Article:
The liquidation level, normally expressed as a percentage, is the point that, if reached, will initiate the automatic closure of existing positions. It is a security feature developed to prevent investors from incurring significant losses beyond a specified point and is, usually, pre-determined by the trader or the brokerage firm.
The liquidation level is, usually, pre-determined by the trader or the brokerage firm.
Liquidation levels are typically associated with margin accounts.
The liquidation level is a fail-safe, or security feature, developed to protect both traders and dealers from incurring significant losses beyond a specified point.
In the foreign exchange market, the liquidation level is the pre-determined level, commonly known as a margin call, at which an automatically-triggered liquidation process will begin. This value is based on the specific amount of funds in a trader’s margin account below which the liquidation of the trader’s positions is triggered and executed at the prevailing market rates.
Typically, the liquidation level is expressed as a percentage value of the assets in a trader’s margin account. If a forex trader’s positions go against them, their account will eventually reach the liquidation level, unless the trader injects additional funds. Another name for liquidation level is liquidation margin. These types of forced sales of positions to meet margin requirements do not require customer approval.
Most forex traders will buy on margin, which is the act of borrowing money to purchase securities. The buyer pays only a percentage of the value of the acquired securities and borrows the rest from the bank or broker. The broker acts as a lender and assets, usually cash, in the trader’s account act as collateral. Based on one’s creditworthiness and other factors, the broker will set the minimum, or initial margin, and maintenance margin requirements that must be met before the trader can begin buying on margin. Maintenance margin refers to the minimum amount of money that must be in the account before the broker forces the investor to deposit more money.
With cash accounts, a broker does not have the same ability to liquidate, unless it is due to an external factor like a personal bankruptcy. A margin account, on the other hand, allows investors to borrow up to the broker-offered percentage of the purchase price of the security. However, the exact amount of the margin varies depending on the security. A typical requirement of a margin account is for the client to maintain at least 25% of their own money of the total market value of the position(s) at any given point.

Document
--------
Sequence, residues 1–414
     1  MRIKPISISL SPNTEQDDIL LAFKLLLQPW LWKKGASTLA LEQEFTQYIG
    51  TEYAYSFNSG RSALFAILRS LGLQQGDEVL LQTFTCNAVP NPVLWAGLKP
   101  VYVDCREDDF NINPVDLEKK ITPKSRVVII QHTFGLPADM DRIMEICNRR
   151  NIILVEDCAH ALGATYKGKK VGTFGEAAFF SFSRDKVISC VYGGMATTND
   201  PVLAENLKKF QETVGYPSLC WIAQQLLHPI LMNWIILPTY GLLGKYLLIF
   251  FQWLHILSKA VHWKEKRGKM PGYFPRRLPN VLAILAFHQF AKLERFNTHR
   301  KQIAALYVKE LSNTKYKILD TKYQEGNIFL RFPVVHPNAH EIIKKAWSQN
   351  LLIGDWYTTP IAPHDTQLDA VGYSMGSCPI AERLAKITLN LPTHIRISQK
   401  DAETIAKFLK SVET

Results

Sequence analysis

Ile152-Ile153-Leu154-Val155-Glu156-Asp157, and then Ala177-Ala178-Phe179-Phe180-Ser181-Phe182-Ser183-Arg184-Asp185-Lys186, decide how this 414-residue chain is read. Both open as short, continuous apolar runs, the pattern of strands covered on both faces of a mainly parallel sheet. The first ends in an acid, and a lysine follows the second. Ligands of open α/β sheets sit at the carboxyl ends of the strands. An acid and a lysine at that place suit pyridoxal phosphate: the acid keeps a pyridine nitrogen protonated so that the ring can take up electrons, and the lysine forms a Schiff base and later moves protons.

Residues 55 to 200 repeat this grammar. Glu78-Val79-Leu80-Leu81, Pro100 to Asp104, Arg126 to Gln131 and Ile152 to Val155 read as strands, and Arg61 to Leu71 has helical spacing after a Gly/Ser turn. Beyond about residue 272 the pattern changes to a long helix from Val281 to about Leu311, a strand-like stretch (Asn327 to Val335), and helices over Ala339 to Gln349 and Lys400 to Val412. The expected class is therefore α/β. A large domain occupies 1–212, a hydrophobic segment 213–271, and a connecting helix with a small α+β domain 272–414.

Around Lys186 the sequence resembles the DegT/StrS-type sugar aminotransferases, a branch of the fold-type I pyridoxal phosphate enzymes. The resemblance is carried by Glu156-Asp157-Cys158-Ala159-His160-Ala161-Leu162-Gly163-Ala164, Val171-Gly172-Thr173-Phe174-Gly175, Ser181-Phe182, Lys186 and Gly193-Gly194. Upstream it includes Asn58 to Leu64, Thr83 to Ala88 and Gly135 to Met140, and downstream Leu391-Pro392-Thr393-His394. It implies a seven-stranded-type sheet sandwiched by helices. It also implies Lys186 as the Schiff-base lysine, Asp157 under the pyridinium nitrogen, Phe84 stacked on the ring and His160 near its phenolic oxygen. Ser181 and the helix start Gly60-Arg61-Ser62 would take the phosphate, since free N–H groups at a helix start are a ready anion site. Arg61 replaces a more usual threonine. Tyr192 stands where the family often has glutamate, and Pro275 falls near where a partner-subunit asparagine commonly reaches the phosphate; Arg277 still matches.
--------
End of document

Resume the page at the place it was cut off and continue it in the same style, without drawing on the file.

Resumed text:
The liquidation level is a fail-safe, or security feature, developed to protect both traders and dealers from incurring significant losses beyond a specified point. When a forex trader’s account funding reaches the liquidation level, all positions held by the trader will automatically close at the best available rate. The levels that can trigger this action will vary by broker or dealer with whom the trader holds their account.
Forex trading makes heavy use of leverage. The initial upfront investment, known as a margin, is required to gain access to the foreign currency market. When prices shift, margin calls force the investor to liquidate some, or all, open positions or add more funds to their account to cover margin requirements. In times of extreme market volatility, the wide swings in price could result in a rapid succession of margin calls, which presents the possibility of significant losses.
When a dealer is handling trading activity on behalf of a trader, the dealer is assuming the risk of these potential losses. Therefore, the forex dealer holding an account for a trader takes on the responsibility that the trader’s positions will lose money. Another risk to the dealer is that the trader will be unable to repay the borrowed funds used to initiate the forex trades.
As such, a named liquidation level, which the trader agrees to when opening their account, will fix the minimum margin requirement. This margin requirement, expressed as a percentage, is what the forex dealer will tolerate before automatically liquidating the trader’s assets to avoid the possibility of default. This action serves as a protective measure, which gives the dealer some assurance that they have mitigated their exposure to losses.